From Suarez To Keane: Meet The World Cup’s ‘Bad Boys’
From Luis Suarez’s teeth to Roy Keane storming out on the Republic of Ireland and Toni Schumacher pole-axing Patrick Battiston in ’82, AFP Sport selects a team of 11 bad boys in World Cup history:
Toni Schumacher (West Germany)
Battiston lost two teeth, cracked three ribs and was left unconscious after Schumacher’s hip smashed into his face in the semi-final of the 1982 tournament in Spain.
The German, who to this day insists he was going for the ball and is still an unpopular name in France, escaped a booking and showed no remorse as West Germany won the match 5-4 on penalties, as it had finished 3-3 after extra-time.
Khalid Boulahrouz (Netherlands)
A record four red and 16 yellow cards were shown during ‘the Battle of Nuremberg’ when Portugal beat the Netherlands 1-0 in the Round of 16 at the 2006 World Cup.
Boulahrouz was booked for a studs-up tackle on Cristiano Ronaldo, which forced the Portugal superstar off, and was sent off for a second yellow in the second half.
Amidst the carnage, Giovanni van Bronckhorst, plus Portugal’s Deco and Costinha all received double yellow cards while Luis Figo was booked for head-butting Marc van Bommel.
Nigel De Jong (Netherlands)
De Jong’s flying kick landed on Xabi Alonso’s chest in the 2010 World Cup final, dubbed the ‘Battle of Johannesburg’, earned the Dutchman a yellow card and warning from English ref Howard Webb in another bad-tempered display by the ‘Oranje’.
The kung-fu kick set the tone for a brutal final as the Dutch earned nine yellow cards, including a pair shown to John Heitinga, who was sent off in extra time.
The Spanish, themselves no angels with five yellow cards, took the trophy when Andres Iniesta slammed home the extra-time winner.
Zinedine Zidane (France), Marco Materazzi (Italy)
The key moment of the 2006 World Cup final came in extra time when Zidane’s sudden headbutt floored Materazzi.
Zidane was apparently retaliating for a verbal provocation. But reports differ as to what Materazzi actually said that triggered the attack and saw the French legend sent off on 110 minutes in his last international appearance.
Italy won the final 5-3 on penalties after the match finished 1-1 as Zidane’s seventh-minute penalty was cancelled out by Materazzi’s first-half header.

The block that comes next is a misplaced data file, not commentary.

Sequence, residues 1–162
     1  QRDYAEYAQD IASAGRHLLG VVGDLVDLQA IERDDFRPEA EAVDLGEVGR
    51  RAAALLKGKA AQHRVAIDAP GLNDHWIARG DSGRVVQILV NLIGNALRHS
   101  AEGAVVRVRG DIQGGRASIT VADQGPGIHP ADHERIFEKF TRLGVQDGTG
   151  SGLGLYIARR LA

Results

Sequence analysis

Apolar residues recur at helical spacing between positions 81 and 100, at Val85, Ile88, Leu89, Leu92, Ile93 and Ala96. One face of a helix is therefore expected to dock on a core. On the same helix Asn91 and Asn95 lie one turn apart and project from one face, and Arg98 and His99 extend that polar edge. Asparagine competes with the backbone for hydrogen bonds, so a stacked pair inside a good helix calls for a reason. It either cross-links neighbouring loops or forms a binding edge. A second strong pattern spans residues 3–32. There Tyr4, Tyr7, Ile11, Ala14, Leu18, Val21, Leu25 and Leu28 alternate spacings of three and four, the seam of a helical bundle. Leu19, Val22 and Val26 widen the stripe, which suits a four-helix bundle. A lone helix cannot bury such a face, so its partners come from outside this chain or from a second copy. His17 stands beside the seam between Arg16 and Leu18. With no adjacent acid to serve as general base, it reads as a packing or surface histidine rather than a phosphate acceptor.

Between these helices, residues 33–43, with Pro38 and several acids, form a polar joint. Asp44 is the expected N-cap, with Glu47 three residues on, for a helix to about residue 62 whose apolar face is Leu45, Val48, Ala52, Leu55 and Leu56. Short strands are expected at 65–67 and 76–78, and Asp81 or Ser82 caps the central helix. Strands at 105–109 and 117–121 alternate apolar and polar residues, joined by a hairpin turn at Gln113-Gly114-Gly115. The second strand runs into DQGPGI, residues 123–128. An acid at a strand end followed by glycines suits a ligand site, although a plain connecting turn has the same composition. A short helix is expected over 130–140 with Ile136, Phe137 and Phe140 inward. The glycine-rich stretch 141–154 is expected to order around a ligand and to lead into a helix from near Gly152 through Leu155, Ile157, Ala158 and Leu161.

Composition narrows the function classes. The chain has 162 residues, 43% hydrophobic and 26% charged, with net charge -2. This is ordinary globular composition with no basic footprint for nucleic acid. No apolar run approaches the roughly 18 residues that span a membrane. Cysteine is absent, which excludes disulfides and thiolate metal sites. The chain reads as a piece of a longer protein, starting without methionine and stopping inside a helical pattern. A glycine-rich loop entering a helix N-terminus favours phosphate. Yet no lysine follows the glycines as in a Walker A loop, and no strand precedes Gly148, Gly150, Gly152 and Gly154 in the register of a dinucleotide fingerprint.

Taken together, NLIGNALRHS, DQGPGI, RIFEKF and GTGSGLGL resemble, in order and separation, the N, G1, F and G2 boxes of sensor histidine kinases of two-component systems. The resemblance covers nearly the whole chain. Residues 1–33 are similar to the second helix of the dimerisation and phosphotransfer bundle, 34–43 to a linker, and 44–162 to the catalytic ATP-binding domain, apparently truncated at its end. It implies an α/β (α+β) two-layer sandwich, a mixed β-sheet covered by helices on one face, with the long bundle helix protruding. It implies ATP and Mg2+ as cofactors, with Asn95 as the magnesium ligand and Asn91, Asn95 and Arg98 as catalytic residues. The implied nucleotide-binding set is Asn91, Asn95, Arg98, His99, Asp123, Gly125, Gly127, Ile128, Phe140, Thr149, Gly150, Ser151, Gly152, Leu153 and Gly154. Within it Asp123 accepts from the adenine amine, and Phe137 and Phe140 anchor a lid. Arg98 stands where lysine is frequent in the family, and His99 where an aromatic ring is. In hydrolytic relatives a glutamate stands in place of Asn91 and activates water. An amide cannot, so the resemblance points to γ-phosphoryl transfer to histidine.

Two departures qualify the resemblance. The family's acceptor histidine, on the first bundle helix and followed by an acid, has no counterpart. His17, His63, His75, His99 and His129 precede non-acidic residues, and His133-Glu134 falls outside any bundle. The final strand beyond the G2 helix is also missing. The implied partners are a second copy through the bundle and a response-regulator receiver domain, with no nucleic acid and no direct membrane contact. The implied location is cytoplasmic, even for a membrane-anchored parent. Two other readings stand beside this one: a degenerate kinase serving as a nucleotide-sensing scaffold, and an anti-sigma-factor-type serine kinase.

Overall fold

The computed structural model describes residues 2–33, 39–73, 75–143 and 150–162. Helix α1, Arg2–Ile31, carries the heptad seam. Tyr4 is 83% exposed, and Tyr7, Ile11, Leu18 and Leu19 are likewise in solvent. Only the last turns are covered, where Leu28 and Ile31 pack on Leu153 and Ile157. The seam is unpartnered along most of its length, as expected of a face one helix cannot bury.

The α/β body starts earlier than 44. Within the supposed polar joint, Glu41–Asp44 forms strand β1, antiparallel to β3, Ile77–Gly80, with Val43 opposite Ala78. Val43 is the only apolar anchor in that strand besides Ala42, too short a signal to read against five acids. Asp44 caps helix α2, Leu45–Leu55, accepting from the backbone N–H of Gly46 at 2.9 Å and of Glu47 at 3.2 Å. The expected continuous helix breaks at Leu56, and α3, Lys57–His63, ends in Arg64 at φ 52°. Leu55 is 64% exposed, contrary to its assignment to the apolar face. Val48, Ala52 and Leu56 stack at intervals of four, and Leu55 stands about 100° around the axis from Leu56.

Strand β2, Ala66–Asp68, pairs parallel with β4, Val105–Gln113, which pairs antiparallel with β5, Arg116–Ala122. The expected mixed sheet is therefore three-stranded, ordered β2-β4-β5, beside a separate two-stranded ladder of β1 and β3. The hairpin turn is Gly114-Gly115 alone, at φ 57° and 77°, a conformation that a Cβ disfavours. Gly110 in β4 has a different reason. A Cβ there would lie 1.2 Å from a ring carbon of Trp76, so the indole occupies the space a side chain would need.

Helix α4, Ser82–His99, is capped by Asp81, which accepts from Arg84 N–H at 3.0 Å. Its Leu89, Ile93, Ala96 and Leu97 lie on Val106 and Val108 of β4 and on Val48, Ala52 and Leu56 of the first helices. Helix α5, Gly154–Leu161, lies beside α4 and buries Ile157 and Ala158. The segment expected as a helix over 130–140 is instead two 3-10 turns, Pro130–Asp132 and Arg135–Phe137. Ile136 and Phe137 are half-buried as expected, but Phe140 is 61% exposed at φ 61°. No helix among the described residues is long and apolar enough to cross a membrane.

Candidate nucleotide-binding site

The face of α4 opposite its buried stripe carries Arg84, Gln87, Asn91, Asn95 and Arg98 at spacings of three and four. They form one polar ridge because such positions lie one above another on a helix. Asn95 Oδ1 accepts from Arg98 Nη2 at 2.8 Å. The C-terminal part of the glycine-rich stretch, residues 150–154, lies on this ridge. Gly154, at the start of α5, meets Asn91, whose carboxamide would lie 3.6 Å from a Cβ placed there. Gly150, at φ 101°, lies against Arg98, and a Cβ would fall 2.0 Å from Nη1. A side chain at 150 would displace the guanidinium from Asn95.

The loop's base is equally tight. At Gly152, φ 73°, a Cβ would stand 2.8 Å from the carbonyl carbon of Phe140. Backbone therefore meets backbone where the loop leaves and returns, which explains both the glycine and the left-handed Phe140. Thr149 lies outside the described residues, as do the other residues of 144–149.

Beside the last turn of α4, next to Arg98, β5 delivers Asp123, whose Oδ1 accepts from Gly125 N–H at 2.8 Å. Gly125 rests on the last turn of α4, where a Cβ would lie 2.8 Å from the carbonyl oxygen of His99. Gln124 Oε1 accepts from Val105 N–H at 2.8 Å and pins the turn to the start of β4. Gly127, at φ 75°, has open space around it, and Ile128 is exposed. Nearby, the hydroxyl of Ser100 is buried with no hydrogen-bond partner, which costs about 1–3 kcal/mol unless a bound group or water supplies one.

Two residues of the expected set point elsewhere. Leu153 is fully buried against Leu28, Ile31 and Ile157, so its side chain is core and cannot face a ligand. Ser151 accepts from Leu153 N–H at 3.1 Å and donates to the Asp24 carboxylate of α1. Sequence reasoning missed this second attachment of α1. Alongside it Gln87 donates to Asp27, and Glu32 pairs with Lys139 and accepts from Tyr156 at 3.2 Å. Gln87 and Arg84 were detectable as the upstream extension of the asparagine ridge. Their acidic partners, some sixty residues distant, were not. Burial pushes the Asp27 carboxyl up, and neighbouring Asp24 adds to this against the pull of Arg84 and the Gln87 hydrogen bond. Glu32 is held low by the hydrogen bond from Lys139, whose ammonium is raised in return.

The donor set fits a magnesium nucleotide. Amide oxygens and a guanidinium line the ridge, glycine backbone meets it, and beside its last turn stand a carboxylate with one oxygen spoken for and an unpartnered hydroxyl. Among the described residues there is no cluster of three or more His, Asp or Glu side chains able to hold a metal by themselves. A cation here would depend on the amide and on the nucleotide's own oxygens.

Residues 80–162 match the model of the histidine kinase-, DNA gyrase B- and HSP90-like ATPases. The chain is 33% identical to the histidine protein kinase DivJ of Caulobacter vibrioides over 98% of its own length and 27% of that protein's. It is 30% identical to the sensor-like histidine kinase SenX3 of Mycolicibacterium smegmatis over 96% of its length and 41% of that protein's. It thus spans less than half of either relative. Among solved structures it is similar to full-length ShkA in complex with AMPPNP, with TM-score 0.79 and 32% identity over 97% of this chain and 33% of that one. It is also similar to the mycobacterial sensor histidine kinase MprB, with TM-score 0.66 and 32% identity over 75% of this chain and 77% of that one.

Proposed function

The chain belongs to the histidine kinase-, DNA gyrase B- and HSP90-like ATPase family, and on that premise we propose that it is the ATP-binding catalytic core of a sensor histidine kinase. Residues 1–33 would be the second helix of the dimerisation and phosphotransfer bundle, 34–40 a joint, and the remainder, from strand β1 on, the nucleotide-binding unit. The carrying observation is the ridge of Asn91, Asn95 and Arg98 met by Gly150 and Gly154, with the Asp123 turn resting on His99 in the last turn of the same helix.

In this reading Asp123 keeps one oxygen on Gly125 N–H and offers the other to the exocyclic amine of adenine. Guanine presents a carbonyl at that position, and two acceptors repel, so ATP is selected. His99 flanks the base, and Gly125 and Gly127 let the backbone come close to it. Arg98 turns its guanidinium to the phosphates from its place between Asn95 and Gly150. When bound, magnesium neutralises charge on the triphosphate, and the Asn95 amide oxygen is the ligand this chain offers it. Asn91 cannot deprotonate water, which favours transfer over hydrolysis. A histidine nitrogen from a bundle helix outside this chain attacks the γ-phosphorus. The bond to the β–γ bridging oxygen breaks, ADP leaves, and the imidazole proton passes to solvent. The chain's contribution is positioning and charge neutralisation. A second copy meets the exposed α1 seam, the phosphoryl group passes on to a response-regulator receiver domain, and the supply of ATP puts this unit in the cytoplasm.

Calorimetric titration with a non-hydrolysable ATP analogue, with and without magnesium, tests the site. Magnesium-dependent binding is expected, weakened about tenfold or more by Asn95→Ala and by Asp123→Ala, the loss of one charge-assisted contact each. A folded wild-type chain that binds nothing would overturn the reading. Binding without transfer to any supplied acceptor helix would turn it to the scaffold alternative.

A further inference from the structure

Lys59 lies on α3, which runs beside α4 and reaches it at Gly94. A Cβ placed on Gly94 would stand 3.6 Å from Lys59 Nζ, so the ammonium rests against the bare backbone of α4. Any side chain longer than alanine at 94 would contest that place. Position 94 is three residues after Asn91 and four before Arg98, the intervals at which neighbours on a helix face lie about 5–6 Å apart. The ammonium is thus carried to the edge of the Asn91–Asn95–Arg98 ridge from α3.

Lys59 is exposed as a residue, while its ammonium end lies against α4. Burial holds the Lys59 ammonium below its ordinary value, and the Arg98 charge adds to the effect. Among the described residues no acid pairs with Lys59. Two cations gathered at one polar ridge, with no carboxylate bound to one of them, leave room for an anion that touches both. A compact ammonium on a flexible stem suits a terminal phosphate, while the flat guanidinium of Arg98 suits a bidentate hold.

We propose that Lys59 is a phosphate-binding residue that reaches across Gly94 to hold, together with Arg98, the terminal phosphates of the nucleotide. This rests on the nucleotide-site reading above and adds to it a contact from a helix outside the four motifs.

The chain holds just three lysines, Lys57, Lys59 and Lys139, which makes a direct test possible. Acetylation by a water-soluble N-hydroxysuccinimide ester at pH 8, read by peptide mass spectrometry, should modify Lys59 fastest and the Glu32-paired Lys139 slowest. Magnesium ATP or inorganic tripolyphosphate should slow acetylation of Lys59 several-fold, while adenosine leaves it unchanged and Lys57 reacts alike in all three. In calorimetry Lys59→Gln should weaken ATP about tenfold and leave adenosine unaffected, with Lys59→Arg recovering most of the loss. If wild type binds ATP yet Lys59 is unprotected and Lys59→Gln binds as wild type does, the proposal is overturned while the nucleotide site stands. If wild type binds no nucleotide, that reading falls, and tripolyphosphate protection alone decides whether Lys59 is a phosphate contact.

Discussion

David Beckham (England)
Beckham was sent off for a petulant kick aimed at Argentina captain Diego Simeone, who had just clattered England’s midfield ace, early in the second-half of the quarter-final defeat in the 1998 finals.
It finished 2-2 after extra time before England lost 4-3 on penalties, but for Beckham, the ordeal was just beginning.
The Manchester United star bore the brunt of a national outcry on his return to England and “God Forgives Even David Beckham” appeared on a poster outside a church in Nottingham, appealing for clemency on his behalf.
Slaven Bilic (Croatia)
Hosts France were 2-1 up against Croatia in the semi-final of the 1998 tournament, when Bilic theatrically went down clutching his head after a scuffle with Laurent Blanc in the area.
The Frenchman was sent off, for the first time in his career, but the replays showed Blanc had barely touched Bilic.
‘Les Bleus’ held on with 10 men to win, but despite clear evidence, FIFA refused to lift Blanc’s suspension for the World Cup final in Paris which France won 3-0 against Brazil.
Roy Keane (Republic of Ireland)
Issues with the equipment and pitch at Ireland’s pre-World Cup training camp in Saipan saw the tough-tackling Manchester United boil over with rage as Keane stormed out on the Irish before the 2002 finals even started.
A foul-mouthed tirade at the Republic’s manager Mick McCarthy was his parting shot as Keane-less Ireland went onto to lose to Spain in the last 16.
Diego Maradona (Argentina)
The midfield maestro made World Cup folklore with his ‘Hand of God’ goal against England in the last eight of the 1986 finals, then moments later beat five defenders on a mazy run for his second as Argentina went onto win the title.
However, Maradona finished his World Cup career in disgrace after failing a drugs test in the 1994 finals held in the USA.
His primal scream into the television cameras, eyes bulging, after scoring against Greece was repeatedly shown after it was discovered he had taken a stimulant.
Luis Suarez (Uruguay)
Sent off for a deliberate handball in Uruguay’s quarter-final win over Ghana in South Africa 2010, Suarez was banned for four months for biting Italy defender Giorgio Chiellini on the shoulder four years later in Brazil.
With the Italians protesting to the referee for not penalising Suarez, Uruguay won a corner and scored to eliminate Italy with a 1-0 victory in the group stages.
Suarez did not escape punishment, however, and FIFA’s Disciplinary Committee handed him a nine-match ban, two days after the match, ruling him out for the rest of the tournament and the 2-0 defeat to Colombia in the Round of 16.
Jurgen Klinsmann (West Germany)
Klinsmann had earned his reputation for diving, but his most outrageous tumble came in the final of Italy 1990 when he threw himself over Pedro Monzon’s tackle and convulsed on the floor, earning the Argentinian a straight red card on 65 minutes.
Replays showed it was a blatant dive and playing against 10 men, the Germans won the final in Rome when Andreas Brehme converted a penalty five minutes from time.